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Sunday, February 23, 2014

Westward the Women (1951)




John McIntire is Roy E. Whitman, the mayor of a prosperous mining community in California, who notices there's something missing in his small paradise: women. He therefore travels to Chicago to find marriageable women for his lonely men and hires a trail boss, Buck Wyatt (Robert Taylor), to lead the wagon trail along the California Trail to the promised land in the West. 

Based on a story by Frank Capra, of all people, this is one of the most brisk and cheerful movies in the wagon train genre, and at the same time one of the most wistful: virtually all characters in it are lost and lonely, longing for a new start in life. There's the single mom, the aging widow of a New England sea captain, the recently widowed Italian immigrant woman, hoping to find a new father for her young son, and the two saloon girls, who quickly change their clothes when they notice that Whitman only accepts 'virtuous' women. Their journey is not only a rite de passage in which the women prove themselves to be worthy of their future husbands, but also a quest for the true adventurous spirit that once brought people to this continent, and now leads them further West because the pioneer spirit is lost in the town of Chicago.

I had seen the movie some thirty years ago, and was afraid it would look hopelessly old-fashioned, and of course there are a few silly jokes with a funny talking Japanese aid and a couple of melodramatic moments, but the script elegantly meanders through the genre clich├ęs, avoiding the worst and most obvious pitfalls. The movie is as enjoyable today as it was back then, funny, exciting and sexy. It glorifies the courage and perseverance of the woman, but never fails to underline the drama and downside of the venture: to restore his authority Taylor is forced to shoot one of the men in cold blood  (after he has raped one of the saloon girls), and several women never reach the promised land because they're killed during the various physical tests they have to endure. Some of the most dramatic moments - an Indian attack, the accidental death of the young Italian boy - are off-stage, but they only seem to be more hard-hitting because of it.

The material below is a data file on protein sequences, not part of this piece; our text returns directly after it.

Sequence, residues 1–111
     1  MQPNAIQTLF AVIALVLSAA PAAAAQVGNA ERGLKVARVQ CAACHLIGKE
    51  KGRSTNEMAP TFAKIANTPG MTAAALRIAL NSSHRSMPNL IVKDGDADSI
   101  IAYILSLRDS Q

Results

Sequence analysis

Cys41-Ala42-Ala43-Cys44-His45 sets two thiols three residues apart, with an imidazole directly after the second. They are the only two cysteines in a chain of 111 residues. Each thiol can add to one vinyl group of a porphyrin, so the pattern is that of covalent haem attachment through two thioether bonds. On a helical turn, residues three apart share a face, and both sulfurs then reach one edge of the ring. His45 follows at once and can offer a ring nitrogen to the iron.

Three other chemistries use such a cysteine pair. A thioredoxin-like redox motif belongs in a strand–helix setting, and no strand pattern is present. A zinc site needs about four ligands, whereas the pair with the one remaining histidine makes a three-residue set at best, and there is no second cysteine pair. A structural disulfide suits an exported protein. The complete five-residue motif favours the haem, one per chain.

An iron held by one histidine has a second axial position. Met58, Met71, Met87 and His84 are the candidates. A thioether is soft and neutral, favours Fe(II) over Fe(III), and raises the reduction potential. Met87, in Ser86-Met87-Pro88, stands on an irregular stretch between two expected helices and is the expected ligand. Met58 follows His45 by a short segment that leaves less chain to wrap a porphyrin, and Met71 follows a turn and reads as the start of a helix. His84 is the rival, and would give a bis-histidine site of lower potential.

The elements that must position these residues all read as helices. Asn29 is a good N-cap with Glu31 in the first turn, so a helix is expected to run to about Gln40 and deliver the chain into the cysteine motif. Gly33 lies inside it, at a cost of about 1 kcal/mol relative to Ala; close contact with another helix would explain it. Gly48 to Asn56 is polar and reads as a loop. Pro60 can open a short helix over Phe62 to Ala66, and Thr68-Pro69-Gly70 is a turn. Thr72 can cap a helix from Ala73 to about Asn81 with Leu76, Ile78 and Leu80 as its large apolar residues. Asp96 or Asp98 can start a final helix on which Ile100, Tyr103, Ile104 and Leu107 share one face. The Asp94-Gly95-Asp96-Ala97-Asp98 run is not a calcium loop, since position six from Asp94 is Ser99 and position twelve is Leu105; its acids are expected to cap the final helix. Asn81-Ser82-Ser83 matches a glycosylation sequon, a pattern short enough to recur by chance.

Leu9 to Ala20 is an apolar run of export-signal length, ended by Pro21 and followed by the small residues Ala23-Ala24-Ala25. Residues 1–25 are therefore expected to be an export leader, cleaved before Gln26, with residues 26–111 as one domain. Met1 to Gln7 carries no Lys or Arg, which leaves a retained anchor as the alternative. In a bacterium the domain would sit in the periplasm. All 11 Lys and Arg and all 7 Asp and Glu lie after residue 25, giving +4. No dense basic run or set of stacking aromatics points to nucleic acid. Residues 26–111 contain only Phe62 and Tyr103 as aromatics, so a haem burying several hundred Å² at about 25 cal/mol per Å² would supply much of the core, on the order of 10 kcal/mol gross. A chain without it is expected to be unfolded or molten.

Capra got the idea for the story after he had read a magazine article about South American women making a long and dangerous journey to join a colony of male settlers. Like Buck Wayde in the movie, director Wellman told the female cast the job would be dirty and tiresome; he also gave every one of them a chance to back out in the last minute. They received a three weeks training before shooting started (1). The cast is excellent, with Robert Taylor turning in one of the very best performances of his career and Denise Darcel deliciously cunning and seductive as the French mademoiselle taming him.

Cinematographer William C. Mellor was asked to abstain from filters whenever possible, in order to give the movie a glaring look. Some of the compositions are reminiscent of paintings in the style of heroic-realism, popular in Europe in the first half of the Twentieth Century. The woman are often filmed from below, silhouetted against the sky, as if the underline their greatness and bravery; it's a technique that was also applied by the controversial - but influential - German film maker Leni Riefenstahl (2).  Some of the scenes with the women washing themselves in the river, their skirts strung up, seem inspired by the famous neo-realist movie Riso Amaro (Bitter Rice - 1949, Giuseppe De Santis), which was a great success in both Europe and the US.

1951 - Director: William A. Wellman - Cast: Robert Taylor (Buck Wyatt), Denise Darcel (Fifi), John McIntire (Roy E. Whitman), Renata Vanni (Mrs. Maroni), Beverly Dennis (Rose), Hope Emerson (Patience), Julie Bishop (Laurie), Lenore Lonergan (Maggie), Marilyn Erskine (Jean), Henry Nakamura (Ito), Guido Martufi (Tony Maroni).



Notes:
(2) Riefenstahl is best known for her propaganda movies (Triumph of the Will, Olympia) for the Nazi Party, and for this reason her work was rejected by many commentators, but the aesthetics of her movies are generally considered as outstanding and het photographic techniques as groundbreaking; she experimented with different camera speeds and shooting angles, often with dazzling effects, and is often called the greatest female film maker of the Twentieth Century. Her work was studied by such prominent film makers such as Orson Welles, Stanley Kubrick, Woody Allen, Paul Verhoeven, Steven Soderbergh and Quentin Tarantino. 

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